p.2 Want of Accommodation for Flour - A Gentleman of great experience in merchantile affairs has brought to our notice the great want of good and commodious Store-Houses in Kingston and Montreal, to contain the flour sent down from Canada West. He says, and indeed we know it from experience, that thousands of barrels of flour lie exposed for days at both places, much to the injury of the owners, and to the character of our Mills. We shall return to this subject next week. [Cobourg Star]
In reply to the above paragraph, I beg merely to say that Kingston now contains good storage room for more than 60,000 barrels of flour - and as far as that place is concerned, I have not known during the last season any great want of storage room; besides, a great deal of the wheat that is transhipped at Kingston, is taken direct from the schooner into the barges and of course requiring no storage at that place.
Without presuming to question the word of the "Gentleman of great experience in merchantile affairs" or the correctness of the discerning eye of the Editor of the Cobourg Star, I would beg simply to ask these gentlemen if they are quite sure that the barrels they saw exposed for days at Kingston contained flour or whether it might not be possible that they were filled with salt - as much of that article is put in flour barrels in Montreal and sent to Kingston where it is often piled on the wharves, it being an article not likely to receive any material injury from being exposed to the weather for a few days.
I have during the last season's navigation delivered in Kingston some 10 or 12 thousand barrels and it is but justice to the forwarders to say that it was all safely stored, save that which was put into barges, and some of it which was sold in Kingston for the consumption of the place.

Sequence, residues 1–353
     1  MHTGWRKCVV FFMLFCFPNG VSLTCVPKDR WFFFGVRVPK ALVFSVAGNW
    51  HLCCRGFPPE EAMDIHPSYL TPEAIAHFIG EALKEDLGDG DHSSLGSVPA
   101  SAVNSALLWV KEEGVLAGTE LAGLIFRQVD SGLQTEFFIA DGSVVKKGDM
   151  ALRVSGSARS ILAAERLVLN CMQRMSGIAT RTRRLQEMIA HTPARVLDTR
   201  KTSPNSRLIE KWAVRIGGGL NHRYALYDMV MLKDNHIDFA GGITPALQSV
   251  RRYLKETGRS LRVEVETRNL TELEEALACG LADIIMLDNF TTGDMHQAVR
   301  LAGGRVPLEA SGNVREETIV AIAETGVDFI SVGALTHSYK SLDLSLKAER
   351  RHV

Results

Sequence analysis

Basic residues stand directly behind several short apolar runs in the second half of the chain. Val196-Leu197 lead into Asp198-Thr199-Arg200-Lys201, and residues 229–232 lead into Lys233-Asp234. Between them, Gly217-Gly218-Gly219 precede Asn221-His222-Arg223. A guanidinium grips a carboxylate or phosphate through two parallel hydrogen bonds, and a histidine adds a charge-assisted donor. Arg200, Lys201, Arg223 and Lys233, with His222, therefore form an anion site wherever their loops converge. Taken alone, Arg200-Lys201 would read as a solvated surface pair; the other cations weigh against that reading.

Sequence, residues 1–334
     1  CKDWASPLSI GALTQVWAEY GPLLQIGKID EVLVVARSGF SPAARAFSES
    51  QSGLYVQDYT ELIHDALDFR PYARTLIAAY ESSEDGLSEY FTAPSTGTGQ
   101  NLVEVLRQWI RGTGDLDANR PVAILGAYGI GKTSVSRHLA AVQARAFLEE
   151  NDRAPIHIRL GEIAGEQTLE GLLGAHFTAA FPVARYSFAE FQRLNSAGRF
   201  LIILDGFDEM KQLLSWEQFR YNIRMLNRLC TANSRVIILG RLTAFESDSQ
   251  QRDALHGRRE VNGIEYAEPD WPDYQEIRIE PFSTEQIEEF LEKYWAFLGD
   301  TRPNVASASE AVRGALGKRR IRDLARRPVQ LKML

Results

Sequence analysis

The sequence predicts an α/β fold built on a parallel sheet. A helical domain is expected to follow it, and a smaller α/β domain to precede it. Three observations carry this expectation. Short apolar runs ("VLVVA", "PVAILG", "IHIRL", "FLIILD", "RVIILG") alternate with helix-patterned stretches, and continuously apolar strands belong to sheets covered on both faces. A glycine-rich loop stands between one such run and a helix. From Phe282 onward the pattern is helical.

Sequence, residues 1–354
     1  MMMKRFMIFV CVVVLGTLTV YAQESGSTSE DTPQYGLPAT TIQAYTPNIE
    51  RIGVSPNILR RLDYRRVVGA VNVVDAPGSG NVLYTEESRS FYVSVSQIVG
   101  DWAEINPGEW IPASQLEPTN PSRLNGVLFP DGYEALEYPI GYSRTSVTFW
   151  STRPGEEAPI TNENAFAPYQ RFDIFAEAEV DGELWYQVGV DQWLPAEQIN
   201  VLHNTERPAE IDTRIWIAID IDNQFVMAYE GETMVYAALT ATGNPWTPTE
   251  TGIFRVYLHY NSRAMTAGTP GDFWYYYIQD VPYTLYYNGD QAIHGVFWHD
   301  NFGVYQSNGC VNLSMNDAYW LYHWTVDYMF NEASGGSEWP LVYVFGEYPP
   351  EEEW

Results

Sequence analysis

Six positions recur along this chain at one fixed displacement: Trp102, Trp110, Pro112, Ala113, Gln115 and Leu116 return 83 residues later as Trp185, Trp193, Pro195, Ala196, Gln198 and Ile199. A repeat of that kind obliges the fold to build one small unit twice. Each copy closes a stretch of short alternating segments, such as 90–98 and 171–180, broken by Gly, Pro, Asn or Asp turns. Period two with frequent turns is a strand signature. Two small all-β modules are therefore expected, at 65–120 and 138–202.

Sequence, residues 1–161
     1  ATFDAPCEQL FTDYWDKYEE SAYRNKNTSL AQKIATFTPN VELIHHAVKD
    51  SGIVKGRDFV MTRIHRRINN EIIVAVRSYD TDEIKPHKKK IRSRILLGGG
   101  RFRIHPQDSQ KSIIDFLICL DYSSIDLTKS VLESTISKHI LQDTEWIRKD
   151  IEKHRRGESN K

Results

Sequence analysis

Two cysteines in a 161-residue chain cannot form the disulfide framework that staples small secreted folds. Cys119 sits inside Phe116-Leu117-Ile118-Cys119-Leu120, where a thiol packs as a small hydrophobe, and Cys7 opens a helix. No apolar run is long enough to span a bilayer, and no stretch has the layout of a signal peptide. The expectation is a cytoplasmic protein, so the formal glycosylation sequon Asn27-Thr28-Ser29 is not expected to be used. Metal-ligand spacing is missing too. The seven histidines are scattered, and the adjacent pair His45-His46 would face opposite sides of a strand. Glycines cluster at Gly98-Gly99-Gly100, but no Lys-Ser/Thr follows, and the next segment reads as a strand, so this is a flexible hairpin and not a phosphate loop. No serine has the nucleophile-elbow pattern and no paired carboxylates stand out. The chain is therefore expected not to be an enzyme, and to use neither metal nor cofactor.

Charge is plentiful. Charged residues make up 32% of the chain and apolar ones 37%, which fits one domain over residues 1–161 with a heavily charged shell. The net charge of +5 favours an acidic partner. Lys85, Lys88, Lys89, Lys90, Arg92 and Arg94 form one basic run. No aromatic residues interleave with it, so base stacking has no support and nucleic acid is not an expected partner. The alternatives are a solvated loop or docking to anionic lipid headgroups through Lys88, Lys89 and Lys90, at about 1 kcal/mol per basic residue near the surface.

CAPTAIN FAIR PLAY.
p.3 Effect of the Late Alterations in Navigation Laws of England on Canadian Trade [Montreal Herald commenting on article from Buffalo Commercial Advertiser]
Vessel for Sale on Lake Ontario - A vessel of about 190 Tons now on the Stocks and nearly ready for Launching; will draw about 4 feet 8, and 8 feet 6 when fully loaded. Sails, Rigging, etc., all complete; Price 15,000 pounds cash, or approved short credit. Being of extraordinary good construction, is particularly adapted for the Wheat trade. Apply by Letter (post paid) to
J.C. Box No. 106 Kingston P.O. or to A.Z. Box 39, Post Office, Toronto.
We understand that Messrs. Browne, of Hamilton, have purchased the steamer Transit, to be employed between Hamilton, Toronto, Oswego and Kingston, during the ensuing season. The Queen has been sold to some parties who are to place her on the Bay of Quinte next season. [Colonist]
FORWARDING FOR 1847.
The Undersigned having entered into Co-partnership for the purpose of carrying on the Forwarding Business between Kingston and Montreal (and vice -versa) via the Rideau Canal and River St. Lawrence will be prepared on the opening of the Navigation, with a NEW STOCK OF STEAMERS AND BARGES, capable of carrying 20,000 barrels of Flour per month, to send forward any property which may be consigned to them.
From their experience and knowledge of the Business, they trust to be able to give general satisfaction, and solicit a share of public patronage.
The Business will be carried on in Montreal at the Stores occupied last season by Hilliard and Walker, under the name and Firm of Smith & Glassford, and at Kingston under the name and Firm of Glassford & Smith.
James A. Glassford.
Kingston, 8th March, 1847.